How different could life be under a red dwarf sun?

I’ve been mulling over this paper for a few days now. Last week, NASA JPL put out a press release about cool stars having a different mix of life forming chemicals to sun-like stars. The release was immediately picked up by news sites and bloggers alike. With good reason too — the findings could have a lot of implications for future astrobiology searches. With my interest piqued, I thought I’d get hold of a copy of the paper and find out more…

The furore centres around a couple of familiar molecules — acetylene (C2H2) and Hydrogen Cyanide (HCN). These are both well known in astrophysical environments, and both widely believed to be the building blocks of larger, more complex, molecules. In particular, HCN is known to be able to form adenine (one of the four nucleobases that make up DNA). The whole process was actually the subject of the first paper I ever reviewed here on Supernova Condensate. (Ah, nostalgia).

Red dwarfs have previously been considered as possible crucibles for life and, despite a few difficulties, there are quite a few reasons to believe they may host habitable planets. But this work by Pascucci et al gave an interesting result. Cool stars (i.e. red dwarfs and brown dwarfs) seem to be deficient in HCN. By inference, no HCN means no adenine. Some people, it seems, have even considered this a death knell for astrobiology research around red dwarf stars. Personally, I’m not convinced such a drastic conclusion is entirely warranted…

So let’s take a step back for a moment. The objective behind this work was essentially to investigate the differences between sun-like stars and cool stars. The stars in question are all young stars, nestled in star forming regions. Low mass star forming regions without any troublesome O or B-type massive stars nearby. Massive stars can affect other nearby stars through their prodigous stellar winds and ultraviolet output. So this study considers the intrinsic properties of sun-like and cool stars, without any external influence. The two types of star are actually quite radically different.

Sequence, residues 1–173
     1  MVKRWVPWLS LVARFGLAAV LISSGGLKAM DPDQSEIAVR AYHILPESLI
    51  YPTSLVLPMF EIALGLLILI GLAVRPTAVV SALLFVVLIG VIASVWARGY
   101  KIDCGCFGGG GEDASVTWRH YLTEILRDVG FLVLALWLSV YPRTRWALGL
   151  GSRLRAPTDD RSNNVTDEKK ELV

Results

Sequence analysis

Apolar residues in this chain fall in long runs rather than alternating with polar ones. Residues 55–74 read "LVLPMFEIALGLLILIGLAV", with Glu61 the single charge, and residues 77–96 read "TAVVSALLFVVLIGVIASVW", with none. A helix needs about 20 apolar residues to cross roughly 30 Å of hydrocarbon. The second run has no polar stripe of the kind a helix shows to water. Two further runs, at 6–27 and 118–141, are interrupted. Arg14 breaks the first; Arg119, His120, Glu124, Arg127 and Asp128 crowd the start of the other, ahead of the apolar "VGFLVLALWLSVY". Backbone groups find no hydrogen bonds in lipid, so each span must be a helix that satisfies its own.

As anyone who’s ever spent too long sunbathing will know, sun-like stars still have a considerable UV output. Cool stars, however, don’t give out much UV. They also have weaker stellar winds, so that their planet forming disks last much longer. Chemically, there are a few differences as a result. Silicate dust around cool stars forms larger, more crystalline grains. Silicates aside though, the most interesting result, is in what molecules the respectve stars show. C2H2 seems to be prevalent around cool stars, being found much more frequently around the tiny dwarfs than it is around sun-like stars. On the other hand, red dwarfs mostly show no HCN at all. Curious.

So what exactly does all of this mean? Well, it almost certainly has something to do with the UV output of the stars. If, as Pascucci et al believe, HCN is formed when interstellar N2 molecules get broken apart by UV, then it could well be possible that red dwarfs have trouble forming HCN. This would certainly prove a hindrance to any possible Earth-like biochemistry.

On the other hand, there are some possibilities the authors of this paper don’t consider. As Ehrenfreund et al noted in The Aromatic World Hypothesis paper, adenine and other large carbon-nitrogen molecules are readily broken down by UV. In the relative absence of UV, it’s not inconceivable that there’s an absence of HCN because once it’s combined into larger molecules, those molecules are more persistent. Nitrogen around these cool stars may already be present in larger molecules. Or, like in the atmospheres of red giants, it might combine into longer chains such as HC3N and other nitriles. Until these possibilities are considered, I don’t see any reason to write off the idea of life forming around cool stars just yet. Though ones thing’s a definite — as this paper states, “If exogenous HCN has played a key role in the synthesis of prebiotic molecules on Earth as proposed, then prebiotic chemistry may unfold differently on planets around cool stars.”

In any case, it’s noteworthy that the work in this paper actually presents the first ever detection of organic molecules around cool, low mass stars. Certainly an achievement to be applauded! I hope they investigate these stars further. It would be interesting to see what else they might find!

That fantastic artist’s impression of a red dwarf planet, incidentally, has been featured on apod and was created by the lovely Inga Nielsen. I’d recommend anyone to go and visit her gallery. It’s simply breathtaking!

ResearchBlogging.org I. Pascucci, D. Apai, K. Luhman, Th. Hemming, J. Bouwman, M. R. Meyer, F. Lahuis, A. Natta (2009). The Different Evolution of Gas and Dust in Disks around Sun-like and Cool Stars Astrophysical Journal (submitted), arXiv:0810.2552v2

About Invader Xan

Molecular astrophysicist, usually found writing frenziedly, staring at the sky, or drinking mojitos.
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